While sleeping on the roof, Scooby and Shaggy are abducted. They attempt to escape, but are surrounded by the aliens. They find themselves in the middle of the desert the following morning after being awakened by a hippy photographer, Crystal, and her golden retriever, Amber. Scooby and Shaggy fall head over heels in love the moment they lay eyes on them. Crystal gives them a ride back to the diner, but they are so smitten that they have no appetite, much to the shock of the rest of the gang. The gang go to the grouchy local mechanic to ask if he can fix their vehicle. They then meet Max before Crystal and Amber reappear. Curious about the jackalope, Crystal asks Shaggy to show her where they seen it. Shaggy is more than happy to do so and heads off with Scooby in tow.
Max takes Velma, Fred and Daphne to meet the other SALF crew. Velma becomes suspicious when she sees dried mud on their boots, since they are in the desert. Later, she decides to take the gang to a canyon where she presumes a river might run. The canyon proves to be dry, but they find mining equipment and gold in the nearby caves. Meanwhile, military police order Shaggy, Crystal, Scooby-Doo and Amber to leave the area as it's government property. Crystal then tells Shaggy she is actually an undercover government agent and wants to go back to investigate. Shaggy leads them to the cave where he first saw the aliens. They hide inside when the MPs come back, but are able to trick them into leaving by pretending that Scooby's tail is a snake. A real snake then scares Shaggy and Scooby into going further into the cave with Crystal and Amber close behind. They also discover the gold, but are found and chased by the aliens and the MPs, running into the rest of the gang in the process.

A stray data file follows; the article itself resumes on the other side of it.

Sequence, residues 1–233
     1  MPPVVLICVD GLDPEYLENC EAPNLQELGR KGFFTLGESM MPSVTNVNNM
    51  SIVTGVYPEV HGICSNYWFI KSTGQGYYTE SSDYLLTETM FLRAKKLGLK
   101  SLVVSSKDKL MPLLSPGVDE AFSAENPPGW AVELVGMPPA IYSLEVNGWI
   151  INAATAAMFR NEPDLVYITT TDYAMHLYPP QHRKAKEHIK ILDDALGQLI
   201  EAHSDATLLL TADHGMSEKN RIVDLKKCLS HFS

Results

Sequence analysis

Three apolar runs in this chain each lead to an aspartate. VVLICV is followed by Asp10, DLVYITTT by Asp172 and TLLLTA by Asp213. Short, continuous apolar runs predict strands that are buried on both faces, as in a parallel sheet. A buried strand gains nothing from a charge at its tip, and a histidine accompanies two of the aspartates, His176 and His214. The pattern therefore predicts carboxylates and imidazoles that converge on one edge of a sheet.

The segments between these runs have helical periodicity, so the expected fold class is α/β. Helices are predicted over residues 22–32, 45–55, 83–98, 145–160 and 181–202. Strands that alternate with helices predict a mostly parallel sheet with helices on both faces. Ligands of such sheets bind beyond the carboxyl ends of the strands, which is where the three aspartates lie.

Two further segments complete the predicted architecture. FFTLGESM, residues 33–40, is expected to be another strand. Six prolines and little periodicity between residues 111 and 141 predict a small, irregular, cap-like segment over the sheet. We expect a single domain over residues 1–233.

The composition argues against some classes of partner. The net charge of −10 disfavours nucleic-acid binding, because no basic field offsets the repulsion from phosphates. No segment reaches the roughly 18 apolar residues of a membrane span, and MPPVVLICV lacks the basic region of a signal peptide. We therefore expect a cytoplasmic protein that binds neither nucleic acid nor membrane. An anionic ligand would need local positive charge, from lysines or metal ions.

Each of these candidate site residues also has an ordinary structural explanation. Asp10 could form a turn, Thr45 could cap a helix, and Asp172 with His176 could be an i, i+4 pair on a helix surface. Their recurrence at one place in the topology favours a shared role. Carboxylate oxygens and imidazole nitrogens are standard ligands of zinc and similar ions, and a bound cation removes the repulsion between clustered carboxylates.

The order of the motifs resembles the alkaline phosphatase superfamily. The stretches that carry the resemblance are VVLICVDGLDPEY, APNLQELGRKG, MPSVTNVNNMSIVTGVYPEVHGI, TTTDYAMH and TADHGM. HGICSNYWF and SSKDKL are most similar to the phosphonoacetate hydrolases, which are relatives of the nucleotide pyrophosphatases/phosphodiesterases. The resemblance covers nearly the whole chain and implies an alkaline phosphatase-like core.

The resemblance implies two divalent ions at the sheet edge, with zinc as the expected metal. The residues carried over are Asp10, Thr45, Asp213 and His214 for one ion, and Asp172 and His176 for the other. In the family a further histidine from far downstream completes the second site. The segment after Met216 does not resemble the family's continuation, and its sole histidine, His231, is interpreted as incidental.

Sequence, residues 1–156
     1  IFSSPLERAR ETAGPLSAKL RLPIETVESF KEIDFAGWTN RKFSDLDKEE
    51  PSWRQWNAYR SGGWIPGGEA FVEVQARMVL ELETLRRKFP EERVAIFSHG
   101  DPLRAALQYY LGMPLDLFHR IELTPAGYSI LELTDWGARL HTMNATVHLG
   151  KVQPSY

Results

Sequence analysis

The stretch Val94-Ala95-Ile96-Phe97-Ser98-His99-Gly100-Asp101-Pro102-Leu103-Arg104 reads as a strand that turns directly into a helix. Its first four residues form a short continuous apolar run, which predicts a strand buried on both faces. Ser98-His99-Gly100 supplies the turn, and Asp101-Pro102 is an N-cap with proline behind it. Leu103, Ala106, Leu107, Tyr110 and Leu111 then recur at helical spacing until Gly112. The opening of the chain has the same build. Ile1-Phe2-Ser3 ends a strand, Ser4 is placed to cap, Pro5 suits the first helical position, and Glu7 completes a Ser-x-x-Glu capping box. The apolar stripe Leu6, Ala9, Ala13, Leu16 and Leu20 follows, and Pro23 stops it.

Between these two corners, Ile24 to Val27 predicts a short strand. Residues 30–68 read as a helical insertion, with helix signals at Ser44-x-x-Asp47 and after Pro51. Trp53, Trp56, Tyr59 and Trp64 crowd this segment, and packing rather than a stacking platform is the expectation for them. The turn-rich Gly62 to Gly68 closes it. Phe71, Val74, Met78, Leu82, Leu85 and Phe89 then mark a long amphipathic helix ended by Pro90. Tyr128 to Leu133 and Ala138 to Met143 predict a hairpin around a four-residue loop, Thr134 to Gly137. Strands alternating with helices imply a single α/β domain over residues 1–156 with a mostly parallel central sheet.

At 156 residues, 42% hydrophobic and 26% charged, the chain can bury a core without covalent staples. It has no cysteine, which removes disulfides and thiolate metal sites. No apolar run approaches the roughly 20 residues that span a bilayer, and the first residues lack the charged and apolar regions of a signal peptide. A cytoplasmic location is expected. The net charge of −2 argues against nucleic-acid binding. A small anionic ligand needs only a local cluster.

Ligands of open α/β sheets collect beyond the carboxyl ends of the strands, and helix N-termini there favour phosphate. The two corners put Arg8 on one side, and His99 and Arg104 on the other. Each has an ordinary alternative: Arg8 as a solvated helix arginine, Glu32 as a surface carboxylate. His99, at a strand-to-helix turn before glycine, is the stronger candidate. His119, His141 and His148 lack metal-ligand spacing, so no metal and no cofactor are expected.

Fred, Velma and Daphne are trapped in a net while the others fall off a ledge after being cornered by the MPs. After the aliens send the MPs after them, it is revealed that the aliens are actually the SALF crew, who explain that they stumbled upon the cave while searching for ground to place another SALF dish. Since it was on government property, they decided not to report it, and plan to keep it that way. They hired fake MPs, disguised a helicopter as a UFO and created a UFO interior out of a movie set to scare the locals away from their operation.